Other botanical information

Variation in Cressa has been handled in various ways: extreme lumping into the single species Cressa cretica, or extreme splitting of every morphological variant into 19 species. Currently, most authorities recognize 4 species, Cressa cretica in Africa and from southern Europe to India, Cressa australis R.Br. in Australia and Timor, and Cressa truxillensis Humb., Bonpl. & Kunth and Cressa nudicaulis Griseb. in the Americas.

Growth and development

Cressa cretica is found flowering mainly during the rainy season.

Ecology

Cressa cretica is a halophyte occurring in salt pans, on dunes or near the sea, often on the landward side of periodically inundated muds and sands of marine or interior salt marshes. It also occurs in the rice fields near the river Senegal; its presence in increasing or decreasing amount is an indication of brackishness of the water.

Propagation and planting

Cressa cretica is propagated by seed. Scarification with acid improved germination.

Management

In tests with plants growing at different salinity concentrations, lower concentrations promoted the growth, but the highest salinity concentration (850 mM) did not have a significant adverse growth effect. Growth and reproduction of Cressa cretica plants were significantly inhibited by potassium (K) deficiency.

Genetic resources

Cressa cretica is widespread and locally common or even dominant, and is in no danger of genetic erosion.

Prospects

The importance of Cressa cretica in traditional medicine especially in India warrants further study of its pharmacological value and may lead to its wider use in Africa.

Major references

  • Austin, D., 2000. A revision of Cressa L. (Convolvulaceae). Botanical Journal of the Linnean Society 133(1): 27–39.
  • Burkill, H.M., 1985. The useful plants of West Tropical Africa. 2nd Edition. Volume 1, Families A–D. Royal Botanic Gardens, Kew, Richmond, United Kingdom. 960 pp.
  • Neuwinger, H.D., 2000. African traditional medicine: a dictionary of plant use and applications. Medpharm Scientific, Stuttgart, Germany. 589 pp.
  • Priyashree, S., Jha, S. & Pattanayak, S.P., 2012. Bronchodilatory and mast cell stabilising activity of Cressa cretica L.: Evaluation through in vivo and in vitro experimental models. Asian Pacific Journal of Tropical Medicine 5(3): 180–186.
  • Verdcourt, B., 1963. Convolvulaceae. In: Hubbard, C.E. & Milne-Redhead, E. (Editors). Flora of Tropical East Africa. Crown Agents for Oversea Governments and Administrations, London, United Kingdom. 161 pp.

Other references

  • Chaudhary, S., Khosa, R.L., Priyank & Rani, S., 2012. A report on pharmacognostical and quality control parameters of stem and root of Cressa cretica Linn., Convolvulaceae. Journal of Pharmacy Research 5(1): 616–621.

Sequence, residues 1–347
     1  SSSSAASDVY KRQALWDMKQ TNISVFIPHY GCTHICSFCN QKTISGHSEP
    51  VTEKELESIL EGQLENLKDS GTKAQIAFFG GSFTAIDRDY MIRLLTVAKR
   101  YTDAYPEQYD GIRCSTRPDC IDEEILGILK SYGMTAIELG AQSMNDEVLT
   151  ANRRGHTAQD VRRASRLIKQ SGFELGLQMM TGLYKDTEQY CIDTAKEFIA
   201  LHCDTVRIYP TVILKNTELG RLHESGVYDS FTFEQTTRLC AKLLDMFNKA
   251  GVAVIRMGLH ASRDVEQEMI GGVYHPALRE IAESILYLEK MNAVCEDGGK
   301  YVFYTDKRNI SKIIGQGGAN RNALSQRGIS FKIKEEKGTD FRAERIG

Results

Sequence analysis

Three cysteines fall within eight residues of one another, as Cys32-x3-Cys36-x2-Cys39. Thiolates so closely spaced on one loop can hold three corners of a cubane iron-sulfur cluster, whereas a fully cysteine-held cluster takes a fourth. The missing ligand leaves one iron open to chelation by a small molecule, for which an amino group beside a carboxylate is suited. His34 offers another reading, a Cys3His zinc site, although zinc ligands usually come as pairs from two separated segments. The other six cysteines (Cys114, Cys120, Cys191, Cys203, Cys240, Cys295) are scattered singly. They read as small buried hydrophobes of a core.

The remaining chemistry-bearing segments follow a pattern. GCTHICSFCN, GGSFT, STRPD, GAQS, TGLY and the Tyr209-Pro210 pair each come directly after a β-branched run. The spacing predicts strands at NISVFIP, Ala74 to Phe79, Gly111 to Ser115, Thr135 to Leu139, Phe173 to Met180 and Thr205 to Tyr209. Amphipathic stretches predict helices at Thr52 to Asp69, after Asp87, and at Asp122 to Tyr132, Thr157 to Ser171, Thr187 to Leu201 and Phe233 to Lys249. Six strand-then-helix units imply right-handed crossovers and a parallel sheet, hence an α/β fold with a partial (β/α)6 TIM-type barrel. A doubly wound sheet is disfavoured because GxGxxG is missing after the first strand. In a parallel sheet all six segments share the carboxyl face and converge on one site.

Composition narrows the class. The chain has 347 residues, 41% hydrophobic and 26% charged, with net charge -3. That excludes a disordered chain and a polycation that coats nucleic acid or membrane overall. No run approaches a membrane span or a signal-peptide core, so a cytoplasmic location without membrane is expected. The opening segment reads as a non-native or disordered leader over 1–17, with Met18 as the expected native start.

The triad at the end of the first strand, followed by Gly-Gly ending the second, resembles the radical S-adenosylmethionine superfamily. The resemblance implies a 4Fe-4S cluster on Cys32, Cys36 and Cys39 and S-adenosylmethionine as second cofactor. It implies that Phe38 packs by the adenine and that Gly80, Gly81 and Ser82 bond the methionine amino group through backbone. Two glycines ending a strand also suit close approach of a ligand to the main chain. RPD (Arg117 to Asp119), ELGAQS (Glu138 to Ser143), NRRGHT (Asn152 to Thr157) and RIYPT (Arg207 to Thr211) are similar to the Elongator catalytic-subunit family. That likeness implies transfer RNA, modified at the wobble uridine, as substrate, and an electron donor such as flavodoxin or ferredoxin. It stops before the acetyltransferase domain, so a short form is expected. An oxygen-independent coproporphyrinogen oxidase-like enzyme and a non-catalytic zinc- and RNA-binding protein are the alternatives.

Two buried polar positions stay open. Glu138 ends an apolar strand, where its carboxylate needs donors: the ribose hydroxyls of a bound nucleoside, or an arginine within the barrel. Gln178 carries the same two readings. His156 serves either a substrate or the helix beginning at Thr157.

• Gonçalves, M.L., 1987. Convolvulaceae. In: Launert, E. (Editor). Flora Zambesiaca. Volume 8, part 1. Flora Zambesiaca Managing Committee, London, United Kingdom. pp. 9–129.
  • Hussain, S., Ahmed, E., Malik, A., Jabbar, A. & Arshad, M., 2005. Phytochemical Studies on Cressa cretica. Journal of the Cbemical Society of Pakistan 27(3): 296–298.
  • Kerharo, J. & Adam, J.G., 1974. La pharmacopée sénégalaise traditionnelle. Plantes médicinales et toxiques. Vigot & Frères, Paris, France. 1011 pp.
  • Parekh, J. & Chanda, S.V., 2008. Antibacterial activity of aqueous and alcoholic extracts of 34 Indian medicinal plants against some Staphylococcus species. Turkish Journal of Biology 32: 63–71.
  • Pirzada, A. J., Shaikh, W., Ghani, K.U. & Laghari, K.A., 2009. Study of antifungal activity and some basic elements of medicinal plant Cressa cretica Linn against fungi causing skin diseases. Sindh University Research Journal 41(2): 15–20.
  • Priyashree, S., Jha, S. & Pattanayak, S.P., 2010. A review on Cressa cretica Linn.: a halophytic plant. Plant Review 4(8): 161–166.
  • Rani, S., Chaudhary, S., Singh, P., Mishra, G., Jha, K.K. & Khosa, R.L., 2011. Cressa cretica Linn: an important medicinal plant - A review on its traditional uses, phytochemical and pharmacological properties. Journal of Natural Product and Plant Resources 1(1): 91–100.
  • Sunita, P. & Jha, S., 2012. Constituents of cressa cretica L., a halophytic plant. Asian Journal of Chemistry 24(6): 2730–2732.
  • Sunita, P., Jha, S. & Pattanayak, S.P., 2009. In-vivo antitussive activity of Cressa cretica Linn. using cough model in rodents. Pharmacognosy Research 1(3): 157–161.

Author(s)

  • N.S. Alvarez Cruz, Unidad de Medio Ambiente, Delegación del CITMA, Cor. Legón 268 / Henry Reeves y Carlos Roloff, Sancti Spiritus C.P. 60100, Cuba

Correct citation of this article

Alvarez Cruz, N.S., 2013. Cressa cretica L. In: Schmelzer, G.H. & Gurib-Fakim, A. (Editors). Prota 11(2): Medicinal plants/Plantes médicinales 2. PROTA, Wageningen, Netherlands. Accessed 12 November 2020.